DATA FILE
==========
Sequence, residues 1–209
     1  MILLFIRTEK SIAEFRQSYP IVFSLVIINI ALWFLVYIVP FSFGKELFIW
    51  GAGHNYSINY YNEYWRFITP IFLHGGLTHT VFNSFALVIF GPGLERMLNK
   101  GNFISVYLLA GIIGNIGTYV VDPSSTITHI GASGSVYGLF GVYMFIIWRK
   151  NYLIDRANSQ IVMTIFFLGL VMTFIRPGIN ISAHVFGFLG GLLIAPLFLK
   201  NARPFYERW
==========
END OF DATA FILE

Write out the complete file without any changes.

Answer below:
Sequence, residues 1–209
     1  MILLFIRTEK SIAEFRQSYP IVFSLVIINI ALWFLVYIVP FSFGKELFIW
    51  GAGHNYSINY YNEYWRFITP IFLHGGLTHT VFNSFALVIF GPGLERMLNK
   101  GNFISVYLLA GIIGNIGTYV VDPSSTITHI GASGSVYGLF GVYMFIIWRK
   151  NYLIDRANSQ IVMTIFFLGL VMTFIRPGIN ISAHVFGFLG GLLIAPLFLK
   201  NARPFYERW